Lifting DELLA repression of arabidopsis seed germination by nonproteolytic gibberellin signaling

Camille M. Steber, Tohru Ariizumi, Amber L. Hauvermale, Sven K. Nelson, Atsushi Hanada, Shinjiro Yamaguchi

    Research output: Contribution to journalArticlepeer-review

    47 Citations (Scopus)

    Abstract

    DELLA repression of Arabidopsis (Arabidopsis thaliana) seed germination can be lifted either through DELLA proteolysis by the ubiquitin-proteasome pathway or through proteolysis-independent gibberellin (GA) hormone signaling. GA binding to the GIBBERELLIN-INSENSITIVE DWARF1 (GID1) GA receptors stimulates GID1-GA-DELLA complex formation, which in turn triggers DELLA protein ubiquitination and proteolysis via the SCFSLY1 E3 ubiquitin ligase and 26S proteasome. Although DELLA cannot be destroyed in the sleepy1-2 (sly1-2) F-box mutant, long dry after-ripening and GID1 overexpression can relieve the strong sly1-2 seed dormancy phenotype. It appears that sly1-2 seed dormancy results from abscisic acid (ABA) signaling downstream of DELLA, since dormant sly1-2 seeds accumulate high levels of ABA hormone and loss of ABA sensitivity rescues sly1-2 seed germination. DELLA positively regulates the expression of XERICO, an inducer of ABA biosynthesis. GID1b overexpression rescues sly1-2 germination through proteolysis-independent DELLA down-regulation associated with increased expression of GA-inducible genes and decreased ABA accumulation, apparently as a result of decreased XERICO messenger RNA levels. Higher levels of GID1 overexpression are associated with more efficient sly1 germination and increased GID1-GADELLA complex formation, suggesting that GID1 down-regulates DELLA through protein binding. After-ripening results in increased GA accumulation and GID1a-dependent GA signaling, suggesting that after-ripening triggers GA-stimulated GID1- GA-DELLA protein complex formation, which in turn blocks DELLA transcriptional activation of the XERICO inhibitor of seed germination.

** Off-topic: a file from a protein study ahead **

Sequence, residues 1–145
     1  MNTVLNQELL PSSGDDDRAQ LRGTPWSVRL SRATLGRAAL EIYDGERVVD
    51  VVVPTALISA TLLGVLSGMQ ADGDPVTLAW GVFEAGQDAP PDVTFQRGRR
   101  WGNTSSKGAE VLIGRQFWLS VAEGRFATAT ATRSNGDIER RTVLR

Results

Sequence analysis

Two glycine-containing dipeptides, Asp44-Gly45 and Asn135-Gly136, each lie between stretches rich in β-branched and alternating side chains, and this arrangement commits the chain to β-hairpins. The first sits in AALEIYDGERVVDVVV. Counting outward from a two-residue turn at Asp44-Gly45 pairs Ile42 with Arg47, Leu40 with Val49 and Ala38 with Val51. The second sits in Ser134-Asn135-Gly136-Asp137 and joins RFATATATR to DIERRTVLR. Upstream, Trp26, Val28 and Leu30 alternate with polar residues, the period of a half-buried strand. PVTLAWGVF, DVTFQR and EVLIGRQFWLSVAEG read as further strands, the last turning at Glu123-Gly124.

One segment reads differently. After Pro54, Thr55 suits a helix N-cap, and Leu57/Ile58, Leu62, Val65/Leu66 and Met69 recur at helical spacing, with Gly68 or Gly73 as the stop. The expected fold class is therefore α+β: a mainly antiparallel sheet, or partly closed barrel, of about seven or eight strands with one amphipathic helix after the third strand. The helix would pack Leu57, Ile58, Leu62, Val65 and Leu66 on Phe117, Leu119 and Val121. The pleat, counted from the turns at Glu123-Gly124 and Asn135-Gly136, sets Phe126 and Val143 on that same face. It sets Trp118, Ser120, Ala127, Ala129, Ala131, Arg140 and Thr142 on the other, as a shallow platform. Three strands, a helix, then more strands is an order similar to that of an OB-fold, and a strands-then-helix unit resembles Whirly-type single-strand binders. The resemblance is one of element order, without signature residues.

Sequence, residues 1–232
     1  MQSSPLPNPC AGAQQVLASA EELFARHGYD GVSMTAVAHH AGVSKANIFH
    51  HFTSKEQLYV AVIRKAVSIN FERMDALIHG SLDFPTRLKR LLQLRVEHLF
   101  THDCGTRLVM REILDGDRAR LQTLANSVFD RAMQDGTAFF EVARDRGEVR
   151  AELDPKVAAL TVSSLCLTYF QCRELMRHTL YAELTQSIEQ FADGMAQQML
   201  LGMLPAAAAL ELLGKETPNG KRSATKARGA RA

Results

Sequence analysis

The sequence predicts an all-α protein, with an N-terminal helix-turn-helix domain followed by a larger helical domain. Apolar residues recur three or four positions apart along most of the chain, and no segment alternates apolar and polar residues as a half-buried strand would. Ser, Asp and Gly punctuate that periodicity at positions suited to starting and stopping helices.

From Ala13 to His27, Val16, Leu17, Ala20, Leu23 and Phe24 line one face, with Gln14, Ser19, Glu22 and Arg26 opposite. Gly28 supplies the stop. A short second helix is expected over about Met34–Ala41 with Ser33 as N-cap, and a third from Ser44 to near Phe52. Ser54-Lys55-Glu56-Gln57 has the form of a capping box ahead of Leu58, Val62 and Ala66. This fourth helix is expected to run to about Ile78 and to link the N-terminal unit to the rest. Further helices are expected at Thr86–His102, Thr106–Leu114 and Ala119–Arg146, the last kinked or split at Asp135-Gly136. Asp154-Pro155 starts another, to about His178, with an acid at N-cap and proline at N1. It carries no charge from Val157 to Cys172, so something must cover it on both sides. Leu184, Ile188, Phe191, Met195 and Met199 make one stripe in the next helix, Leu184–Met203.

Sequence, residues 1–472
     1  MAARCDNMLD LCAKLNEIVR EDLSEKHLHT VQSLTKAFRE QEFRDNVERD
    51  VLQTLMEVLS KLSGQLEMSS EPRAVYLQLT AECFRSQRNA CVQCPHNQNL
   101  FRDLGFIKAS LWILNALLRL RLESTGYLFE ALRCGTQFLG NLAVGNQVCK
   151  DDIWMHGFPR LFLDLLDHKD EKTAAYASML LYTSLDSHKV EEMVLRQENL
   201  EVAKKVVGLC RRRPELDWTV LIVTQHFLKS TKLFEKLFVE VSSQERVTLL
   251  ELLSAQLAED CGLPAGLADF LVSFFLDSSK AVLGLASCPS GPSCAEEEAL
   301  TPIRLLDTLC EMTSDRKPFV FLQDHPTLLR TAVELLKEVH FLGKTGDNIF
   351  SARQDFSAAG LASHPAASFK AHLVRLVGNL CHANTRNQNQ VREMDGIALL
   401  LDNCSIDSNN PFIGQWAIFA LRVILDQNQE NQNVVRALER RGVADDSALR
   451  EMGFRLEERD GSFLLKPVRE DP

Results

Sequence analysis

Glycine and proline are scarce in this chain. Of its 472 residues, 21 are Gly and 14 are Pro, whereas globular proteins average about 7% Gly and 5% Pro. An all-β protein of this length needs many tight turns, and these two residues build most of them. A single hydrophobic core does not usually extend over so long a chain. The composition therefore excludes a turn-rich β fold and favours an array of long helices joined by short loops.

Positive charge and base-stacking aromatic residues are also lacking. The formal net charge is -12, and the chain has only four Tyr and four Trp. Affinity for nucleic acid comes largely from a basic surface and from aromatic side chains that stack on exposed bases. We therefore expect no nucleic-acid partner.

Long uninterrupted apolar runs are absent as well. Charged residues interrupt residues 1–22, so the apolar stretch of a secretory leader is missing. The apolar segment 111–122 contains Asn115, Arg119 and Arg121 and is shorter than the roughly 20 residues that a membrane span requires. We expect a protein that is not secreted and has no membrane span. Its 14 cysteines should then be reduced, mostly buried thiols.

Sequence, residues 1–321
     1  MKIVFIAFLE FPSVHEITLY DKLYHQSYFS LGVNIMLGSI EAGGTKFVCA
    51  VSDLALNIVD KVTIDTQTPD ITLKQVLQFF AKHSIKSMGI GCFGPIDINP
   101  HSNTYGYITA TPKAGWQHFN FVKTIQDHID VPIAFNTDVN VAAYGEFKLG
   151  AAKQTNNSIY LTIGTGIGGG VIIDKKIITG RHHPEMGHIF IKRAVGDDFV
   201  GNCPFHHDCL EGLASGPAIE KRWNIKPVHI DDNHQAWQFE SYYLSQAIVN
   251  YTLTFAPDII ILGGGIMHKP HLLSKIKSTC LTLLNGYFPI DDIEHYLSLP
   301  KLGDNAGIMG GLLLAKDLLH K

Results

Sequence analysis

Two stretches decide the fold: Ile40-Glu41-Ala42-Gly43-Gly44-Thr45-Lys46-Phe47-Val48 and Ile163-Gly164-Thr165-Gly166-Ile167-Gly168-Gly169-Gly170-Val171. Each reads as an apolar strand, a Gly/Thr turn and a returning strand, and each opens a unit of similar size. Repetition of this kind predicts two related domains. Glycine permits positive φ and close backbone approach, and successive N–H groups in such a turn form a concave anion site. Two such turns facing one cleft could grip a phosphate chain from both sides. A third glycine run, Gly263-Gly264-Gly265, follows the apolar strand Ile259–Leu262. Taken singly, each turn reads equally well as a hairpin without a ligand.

Original languageEnglish
    Pages (from-to)2125-2139
    Number of pages15
    JournalPlant physiology
    Volume162
    Issue number4
    DOIs
    Publication statusPublished - 2013 Aug

    ASJC Scopus subject areas

    • Physiology
    • Genetics
    • Plant Science

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